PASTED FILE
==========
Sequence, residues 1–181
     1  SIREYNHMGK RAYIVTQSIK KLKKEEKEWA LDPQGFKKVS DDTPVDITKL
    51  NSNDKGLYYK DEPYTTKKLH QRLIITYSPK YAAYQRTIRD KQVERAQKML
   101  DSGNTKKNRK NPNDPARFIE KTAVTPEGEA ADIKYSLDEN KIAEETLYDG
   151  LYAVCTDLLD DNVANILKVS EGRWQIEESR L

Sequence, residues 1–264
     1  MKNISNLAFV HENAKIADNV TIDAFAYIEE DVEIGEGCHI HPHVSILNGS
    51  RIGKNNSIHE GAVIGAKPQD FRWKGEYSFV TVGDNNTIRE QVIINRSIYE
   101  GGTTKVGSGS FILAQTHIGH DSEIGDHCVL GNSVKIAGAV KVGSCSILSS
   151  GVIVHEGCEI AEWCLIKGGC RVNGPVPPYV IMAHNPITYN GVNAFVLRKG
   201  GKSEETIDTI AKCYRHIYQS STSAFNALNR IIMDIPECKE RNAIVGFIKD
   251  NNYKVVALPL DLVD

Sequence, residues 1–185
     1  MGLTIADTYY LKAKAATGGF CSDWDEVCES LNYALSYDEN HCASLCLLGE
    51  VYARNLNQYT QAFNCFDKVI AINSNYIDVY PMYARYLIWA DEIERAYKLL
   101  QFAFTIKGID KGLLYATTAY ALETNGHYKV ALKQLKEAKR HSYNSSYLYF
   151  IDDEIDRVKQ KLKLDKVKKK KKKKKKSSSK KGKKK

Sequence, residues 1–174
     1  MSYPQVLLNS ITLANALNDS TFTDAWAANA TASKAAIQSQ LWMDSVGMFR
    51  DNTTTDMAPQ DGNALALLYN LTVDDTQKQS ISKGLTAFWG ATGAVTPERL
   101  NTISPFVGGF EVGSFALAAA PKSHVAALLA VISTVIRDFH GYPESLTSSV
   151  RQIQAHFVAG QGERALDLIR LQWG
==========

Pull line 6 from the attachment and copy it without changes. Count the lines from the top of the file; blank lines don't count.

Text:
Sequence, residues 1–264